Scotland – Czech Republic: Schick Delivers For Compact Czechs (0-2)

Scotland started poorly, with their possession structure unsuitable for breaking through the Czech defensive block. With the ball, Czech Republic were also relatively compact and overloaded the areas around the ball. Goals either side of half-time from Patrik Schick were enough to dispatch Scotland, despite an improved performance in the second half from Scotland who were probably unlucky not to score. 

Tactical analysis and match report by Josh Manley.

Scotland faced Czech Republic at Hampden Park in their first international tournament match in 23 years. Manager Steve Clarke started his side in a 3-5-2 shape for this match, with the biggest team news being the absence of Kieran Tierney. Meanwhile other notable talents such as Billy Gilmour and Che Adams only made the bench. 

The back three for Scotland then consisted of Jack Hendry, Liam Cooper and Grant Hanley, while Stephen O’Donnell and Andrew Robertson were the wing-backs. In midfield there was the Premier League trio of Scott Mctominay, Stuart Armstrong and John McGinn, while Ryan Christie joined Lyndon Dykes up front. 

Czech Republic meanwhile lined up in a 4-2-3-1 formation, with a back four of Vladimír Coufal, Ondřej Čelůstka, Tomáš Kalas and Jan Bořil. The double pivot in midfield was formed by Tomáš Souček and Alex Král. Up front, Lukáš Masopust, Vladimír Darida and Jakub Jankto supported striker Patrik Schick. 

Aggressive start without breakthroughs 

Roared on by the home crowd, Scotland started largely on top for the first ten minutes or so, with decent intensity in implementing their 3-5-2 system to put Czech Republic on the back foot. Ultimately though, they were unable to make a breakthrough in this period. 

Scotland built up in a 3-5-2 shape with McTominay at the base of midfield, while Armstrong played higher in the left halfspace, If you divide the field in five vertical lanes, the halfspaces are the lanes that are not on the wing and not in the center. Because there is no touchline like on the wing, players have the freedom to go everywhere. But this zone often is not as well-defended as the very center. This makes it a very valuable offensive zone to play in and a lot of chances are created by passes or dribbles from the halfspace. and McGinn from the right halfspace even more attack minded. There were some problems connecting with these advanced midfield players though, and therefore Scotland were left with sometimes quite low-quality direct plays throughout much of the first half, seeking the target man Dykes.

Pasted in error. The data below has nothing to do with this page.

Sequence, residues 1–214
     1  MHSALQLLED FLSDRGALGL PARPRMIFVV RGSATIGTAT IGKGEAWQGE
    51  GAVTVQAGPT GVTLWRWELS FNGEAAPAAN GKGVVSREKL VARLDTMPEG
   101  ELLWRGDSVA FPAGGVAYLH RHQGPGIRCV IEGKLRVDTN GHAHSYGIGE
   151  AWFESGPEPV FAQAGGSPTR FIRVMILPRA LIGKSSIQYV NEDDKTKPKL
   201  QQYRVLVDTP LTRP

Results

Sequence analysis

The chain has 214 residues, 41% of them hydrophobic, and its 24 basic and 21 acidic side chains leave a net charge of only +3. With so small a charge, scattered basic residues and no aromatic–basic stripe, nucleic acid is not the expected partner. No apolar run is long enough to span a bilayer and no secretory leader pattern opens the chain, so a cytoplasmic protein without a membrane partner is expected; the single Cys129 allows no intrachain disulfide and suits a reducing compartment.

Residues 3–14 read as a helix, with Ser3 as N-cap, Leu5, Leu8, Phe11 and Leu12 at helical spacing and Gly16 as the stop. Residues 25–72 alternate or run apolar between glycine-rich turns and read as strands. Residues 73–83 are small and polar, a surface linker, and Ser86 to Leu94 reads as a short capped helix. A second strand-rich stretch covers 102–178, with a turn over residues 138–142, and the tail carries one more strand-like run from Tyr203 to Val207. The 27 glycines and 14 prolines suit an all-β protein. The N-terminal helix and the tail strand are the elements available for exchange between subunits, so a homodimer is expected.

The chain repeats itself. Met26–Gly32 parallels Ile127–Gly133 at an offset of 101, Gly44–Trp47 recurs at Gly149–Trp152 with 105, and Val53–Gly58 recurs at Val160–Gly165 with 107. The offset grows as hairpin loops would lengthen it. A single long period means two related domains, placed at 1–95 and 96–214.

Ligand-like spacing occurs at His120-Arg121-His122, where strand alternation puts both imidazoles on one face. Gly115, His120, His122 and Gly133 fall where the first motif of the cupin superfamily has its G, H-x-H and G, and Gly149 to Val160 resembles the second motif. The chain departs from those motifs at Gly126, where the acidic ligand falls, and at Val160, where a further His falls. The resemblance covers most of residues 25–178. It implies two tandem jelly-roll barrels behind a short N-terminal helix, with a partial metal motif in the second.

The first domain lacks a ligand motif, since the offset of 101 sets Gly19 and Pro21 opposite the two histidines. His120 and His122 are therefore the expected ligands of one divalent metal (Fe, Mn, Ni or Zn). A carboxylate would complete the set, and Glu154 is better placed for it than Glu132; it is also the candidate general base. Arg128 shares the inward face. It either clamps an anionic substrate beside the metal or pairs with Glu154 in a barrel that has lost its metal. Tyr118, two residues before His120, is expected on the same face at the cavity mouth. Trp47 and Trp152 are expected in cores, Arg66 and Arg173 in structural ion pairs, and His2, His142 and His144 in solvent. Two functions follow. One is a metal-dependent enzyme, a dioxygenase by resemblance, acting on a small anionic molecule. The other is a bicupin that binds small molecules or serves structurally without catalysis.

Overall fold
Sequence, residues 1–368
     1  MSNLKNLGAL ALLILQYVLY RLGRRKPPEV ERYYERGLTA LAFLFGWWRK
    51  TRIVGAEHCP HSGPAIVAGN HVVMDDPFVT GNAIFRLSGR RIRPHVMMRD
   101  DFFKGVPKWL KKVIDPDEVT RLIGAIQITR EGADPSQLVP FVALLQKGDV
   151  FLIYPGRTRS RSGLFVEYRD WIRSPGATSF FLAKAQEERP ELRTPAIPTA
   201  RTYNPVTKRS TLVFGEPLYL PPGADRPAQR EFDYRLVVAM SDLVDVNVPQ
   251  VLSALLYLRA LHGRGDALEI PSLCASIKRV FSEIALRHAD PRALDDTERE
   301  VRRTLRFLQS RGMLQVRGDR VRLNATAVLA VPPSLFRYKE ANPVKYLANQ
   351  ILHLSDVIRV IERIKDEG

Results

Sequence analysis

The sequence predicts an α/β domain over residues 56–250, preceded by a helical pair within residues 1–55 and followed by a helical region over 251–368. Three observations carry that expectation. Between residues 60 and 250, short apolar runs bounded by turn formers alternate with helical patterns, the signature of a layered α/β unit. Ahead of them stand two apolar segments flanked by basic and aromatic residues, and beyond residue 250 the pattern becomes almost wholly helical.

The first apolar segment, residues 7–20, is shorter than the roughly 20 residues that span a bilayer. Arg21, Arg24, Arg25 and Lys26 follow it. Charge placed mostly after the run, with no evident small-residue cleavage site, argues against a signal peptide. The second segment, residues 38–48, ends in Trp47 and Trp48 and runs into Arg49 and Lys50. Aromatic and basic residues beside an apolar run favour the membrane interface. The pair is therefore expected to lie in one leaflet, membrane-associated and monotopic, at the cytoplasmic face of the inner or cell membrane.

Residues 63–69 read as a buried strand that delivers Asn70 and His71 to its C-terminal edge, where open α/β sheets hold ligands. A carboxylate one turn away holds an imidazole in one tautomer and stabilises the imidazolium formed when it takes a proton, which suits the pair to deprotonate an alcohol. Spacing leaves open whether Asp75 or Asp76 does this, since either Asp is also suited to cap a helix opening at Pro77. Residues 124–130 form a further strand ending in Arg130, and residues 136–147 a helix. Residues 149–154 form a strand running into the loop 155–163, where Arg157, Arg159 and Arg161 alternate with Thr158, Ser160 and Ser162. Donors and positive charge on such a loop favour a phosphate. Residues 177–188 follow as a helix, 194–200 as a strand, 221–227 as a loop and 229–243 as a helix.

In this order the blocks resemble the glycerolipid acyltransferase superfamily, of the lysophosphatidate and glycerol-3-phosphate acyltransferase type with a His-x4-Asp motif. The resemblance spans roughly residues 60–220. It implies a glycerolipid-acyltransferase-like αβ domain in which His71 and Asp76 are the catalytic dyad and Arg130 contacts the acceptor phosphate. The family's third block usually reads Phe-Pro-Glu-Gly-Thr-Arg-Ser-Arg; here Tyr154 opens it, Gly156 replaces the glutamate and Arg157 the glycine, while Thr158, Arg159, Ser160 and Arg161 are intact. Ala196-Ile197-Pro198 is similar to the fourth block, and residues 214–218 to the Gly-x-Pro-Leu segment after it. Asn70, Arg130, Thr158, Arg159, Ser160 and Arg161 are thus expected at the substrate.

Aside from quite large distances between the Scotland defenders and number eights, a big reason why Scotland faced these connection issues was due to the Czechs’ compact pressing shape making it difficult for Scotland to progress through the halfspaces.

Czech Republic’s pressing to block the halfspaces against Scotland’s buildup.

The Czech wingers occupied fairly narrow positions in the second line of the Scottish buildup, while the central midfielders behind them could then mark McGinn and Armstrong. Darida in the number ten position for Czech Republic could also then mark McTominay, who does not possess the strongest movement to receive the ball in buildup, therefore he was rendered mostly ineffective during organized buildup phases. 

With the central options difficult to access for Scotland, and good pressure in the second line from Czech Republic, Scotland were mostly forced wide and long. Some of their better moves came from Robertson down the left side, who injected energy into the attacks and could deliver good crosses from the left. 

Ball-oriented Czech attacks

As alluded to, Czech Republic showed good compactness in defense. In attack though, compactness was also a strategic feature, as they chose primarily to try and have a high concentration of players in the immediate area around the ball, rather than distributing attackers across the pitch.